Thus, the Biden administration inherits a situation in which CBMs with the United States’ two biggest rivals are minimal, but in which ostensibly deterrent military operations are frequent. Restoring the vital role of CBMs in maintaining stability and reducing tensions should be a top priority for the new administration as it seeks to repair the damage of the last four years.

Implementing the solution

Confidence building is a time-consuming enterprise. It took decades for the United States and Soviet Union to reach the point where they were willing to sign agreements like the Helsinki Final Act. But, the Biden administration can start the process now. Here are three ways to think about designing and constructing CBMs with China, Russia, and other states.


1 Take it Step By Step. One key lesson of the Cold War is to use existing agreements to leverage new ones, a process Naval War College professor Lyle Goldstein has described as “cooperation spirals.” Adding new features to existing maritime agreements—such as observation or verification of FONOPs—may be the easiest avenue for first steps with China. Policymakers should consider expanding existing CBMs into new spheres, such as extending conversations from maritime and air deconfliction into cyber or space. Cyber may be an especially fruitful area here, as there is little prospect of full-blown arms control in that sphere. Wherever possible, policymakers should seek to leverage existing agreements into new talks: for example, using a US return to the Joint Comprehensive Plan of Action (JCPOA) to catalyze talks on Iranian missile development, or the New Strategic Arms-Reduction Treaty (New START) framework to broach more challenging arms-control issues with Russia.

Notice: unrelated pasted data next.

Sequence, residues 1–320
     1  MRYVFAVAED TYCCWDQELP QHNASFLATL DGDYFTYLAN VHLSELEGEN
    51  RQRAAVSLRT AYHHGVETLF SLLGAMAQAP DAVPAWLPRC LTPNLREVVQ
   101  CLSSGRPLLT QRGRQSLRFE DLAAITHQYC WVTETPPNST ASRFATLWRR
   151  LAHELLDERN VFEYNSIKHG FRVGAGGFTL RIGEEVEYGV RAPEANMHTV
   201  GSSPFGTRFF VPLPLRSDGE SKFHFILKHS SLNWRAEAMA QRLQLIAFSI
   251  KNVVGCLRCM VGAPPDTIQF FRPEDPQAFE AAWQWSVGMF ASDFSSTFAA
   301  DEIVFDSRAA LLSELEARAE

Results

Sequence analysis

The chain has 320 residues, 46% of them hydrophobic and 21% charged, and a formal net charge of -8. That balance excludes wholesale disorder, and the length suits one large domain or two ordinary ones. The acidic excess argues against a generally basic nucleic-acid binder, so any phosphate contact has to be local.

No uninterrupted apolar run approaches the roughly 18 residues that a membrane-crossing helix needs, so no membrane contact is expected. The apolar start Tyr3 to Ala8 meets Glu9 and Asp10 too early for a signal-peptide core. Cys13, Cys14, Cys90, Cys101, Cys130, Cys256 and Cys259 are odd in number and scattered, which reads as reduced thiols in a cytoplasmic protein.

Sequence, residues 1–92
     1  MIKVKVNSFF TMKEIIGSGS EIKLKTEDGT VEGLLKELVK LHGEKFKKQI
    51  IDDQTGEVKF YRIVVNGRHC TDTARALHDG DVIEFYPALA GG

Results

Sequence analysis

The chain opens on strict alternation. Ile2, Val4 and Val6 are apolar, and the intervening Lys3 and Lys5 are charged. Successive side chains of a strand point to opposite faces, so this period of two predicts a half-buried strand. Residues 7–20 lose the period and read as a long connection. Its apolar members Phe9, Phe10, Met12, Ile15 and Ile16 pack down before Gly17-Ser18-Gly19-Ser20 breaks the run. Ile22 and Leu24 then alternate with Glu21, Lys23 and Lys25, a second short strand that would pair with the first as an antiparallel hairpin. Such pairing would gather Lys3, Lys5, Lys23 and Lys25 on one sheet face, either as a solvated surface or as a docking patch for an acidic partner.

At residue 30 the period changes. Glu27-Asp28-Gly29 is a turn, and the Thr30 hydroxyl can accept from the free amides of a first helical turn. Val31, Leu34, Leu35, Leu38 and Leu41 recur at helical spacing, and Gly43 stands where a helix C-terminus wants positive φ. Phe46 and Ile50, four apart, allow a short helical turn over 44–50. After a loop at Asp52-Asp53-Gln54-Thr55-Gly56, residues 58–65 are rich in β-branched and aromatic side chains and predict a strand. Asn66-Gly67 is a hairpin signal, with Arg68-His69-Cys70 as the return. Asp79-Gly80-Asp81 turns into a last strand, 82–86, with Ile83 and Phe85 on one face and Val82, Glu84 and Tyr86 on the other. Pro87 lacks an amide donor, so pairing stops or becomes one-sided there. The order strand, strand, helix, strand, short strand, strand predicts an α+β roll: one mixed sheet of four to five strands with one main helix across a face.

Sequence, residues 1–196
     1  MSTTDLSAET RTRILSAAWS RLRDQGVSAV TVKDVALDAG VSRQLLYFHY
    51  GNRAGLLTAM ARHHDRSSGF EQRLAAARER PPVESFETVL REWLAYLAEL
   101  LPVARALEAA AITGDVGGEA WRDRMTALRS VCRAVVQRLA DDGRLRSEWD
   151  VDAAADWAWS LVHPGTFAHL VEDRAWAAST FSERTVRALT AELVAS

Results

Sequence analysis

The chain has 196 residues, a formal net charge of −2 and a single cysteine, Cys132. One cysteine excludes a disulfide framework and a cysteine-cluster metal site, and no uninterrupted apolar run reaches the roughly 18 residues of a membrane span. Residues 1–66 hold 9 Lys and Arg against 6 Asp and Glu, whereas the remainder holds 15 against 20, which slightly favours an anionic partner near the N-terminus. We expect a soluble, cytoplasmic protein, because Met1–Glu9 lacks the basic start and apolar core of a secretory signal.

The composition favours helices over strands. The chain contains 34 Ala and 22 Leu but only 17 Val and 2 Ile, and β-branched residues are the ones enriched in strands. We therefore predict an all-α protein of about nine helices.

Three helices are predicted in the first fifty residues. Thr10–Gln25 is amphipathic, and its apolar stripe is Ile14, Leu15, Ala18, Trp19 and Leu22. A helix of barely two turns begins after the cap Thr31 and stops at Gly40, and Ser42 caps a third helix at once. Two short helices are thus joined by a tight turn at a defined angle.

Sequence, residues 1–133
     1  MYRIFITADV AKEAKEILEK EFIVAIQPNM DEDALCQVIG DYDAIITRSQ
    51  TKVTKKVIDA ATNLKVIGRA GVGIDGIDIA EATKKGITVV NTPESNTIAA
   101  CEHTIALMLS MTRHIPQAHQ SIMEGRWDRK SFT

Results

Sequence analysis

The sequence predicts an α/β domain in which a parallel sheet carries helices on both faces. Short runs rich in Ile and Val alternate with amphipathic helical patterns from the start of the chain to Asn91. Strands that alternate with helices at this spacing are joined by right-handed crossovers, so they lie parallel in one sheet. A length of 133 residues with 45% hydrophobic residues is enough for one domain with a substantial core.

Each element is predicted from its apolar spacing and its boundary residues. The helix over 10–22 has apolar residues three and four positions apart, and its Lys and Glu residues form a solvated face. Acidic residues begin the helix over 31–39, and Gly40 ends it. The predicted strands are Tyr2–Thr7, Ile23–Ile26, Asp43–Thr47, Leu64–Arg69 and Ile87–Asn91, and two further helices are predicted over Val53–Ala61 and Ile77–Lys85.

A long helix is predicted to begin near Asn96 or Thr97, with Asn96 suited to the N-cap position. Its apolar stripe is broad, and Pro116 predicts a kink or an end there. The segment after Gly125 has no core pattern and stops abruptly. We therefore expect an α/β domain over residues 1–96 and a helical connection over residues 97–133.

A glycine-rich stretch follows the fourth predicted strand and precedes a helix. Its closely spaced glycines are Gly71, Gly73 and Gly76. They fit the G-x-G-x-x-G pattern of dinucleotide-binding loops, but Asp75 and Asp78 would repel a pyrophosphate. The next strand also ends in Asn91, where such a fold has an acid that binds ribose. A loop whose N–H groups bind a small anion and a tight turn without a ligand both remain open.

2 Reframe the Problem. Sometimes, the biggest difficulty is remaining trapped in outdated ways of thinking about the world. In the Asia-Pacific, current CBMs often rely on existing legal frameworks like the UN Convention on the Law of the Sea, or organizations like the Association of Southeast Asian Nations (ASEAN). But, these may themselves be problematic, requiring all parties to resolve existing disputes first, or transforming a workable bilateral CBM into an unwieldy multilateral mess. Here, policymakers should focus on bilateral agreements over those that privilege existing institutional frameworks. In contrast, in Europe, policymakers should think multilaterally, including European allies and partners. The Minsk Process provides one example of a multilateral way to recast Russia’s involvement in European security. Moving past the Cold War paradigm and into a more comprehensive US-Europe-Russia security mindset could prove fruitful. Regardless of the region, thinking differently can help.


3 Talk the Talk. The most overlooked CBMs are found at the personal level, like the successful military-to-military exchanges codified during the Cold War. Giving officials, from military commanders to political leaders, the opportunity to meet their counterparts provides an opportunity to better understand the other side and build the personal connections that can defuse future crises. Yet, US practice in recent years has been to discourage such exchanges, going so far as to make it harder for Chinese citizens to obtain student visas. The Trump-era bilateral dialogues between senior officials on diplomacy, cyber and trade should be restarted. At the non-governmental or Track Two level, the imperatives of maintaining a security clearance often make it difficult to have the kind of informal discussions that are the vital building blocks of diplomacy, whether with China, Russia, or other states. Mitigating some of these constraints to allow for more person-to-person exchanges should be the sine qua non of CBMs.